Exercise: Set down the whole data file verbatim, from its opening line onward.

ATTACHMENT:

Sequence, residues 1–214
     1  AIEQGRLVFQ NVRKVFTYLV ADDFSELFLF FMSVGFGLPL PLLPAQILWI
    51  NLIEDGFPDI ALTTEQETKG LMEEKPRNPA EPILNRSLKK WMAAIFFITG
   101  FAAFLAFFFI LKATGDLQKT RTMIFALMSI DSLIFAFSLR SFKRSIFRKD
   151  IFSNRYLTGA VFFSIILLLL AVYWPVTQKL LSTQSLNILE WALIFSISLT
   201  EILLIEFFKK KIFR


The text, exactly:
Sequence, residues 1–214
     1  AIEQGRLVFQ NVRKVFTYLV ADDFSELFLF FMSVGFGLPL PLLPAQILWI
    51  NLIEDGFPDI ALTTEQETKG LMEEKPRNPA EPILNRSLKK WMAAIFFITG
   101  FAAFLAFFFI LKATGDLQKT RTMIFALMSI DSLIFAFSLR SFKRSIFRKD
   151  IFSNRYLTGA VFFSIILLLL AVYWPVTQKL LSTQSLNILE WALIFSISLT
   201  EILLIEFFKK KIFR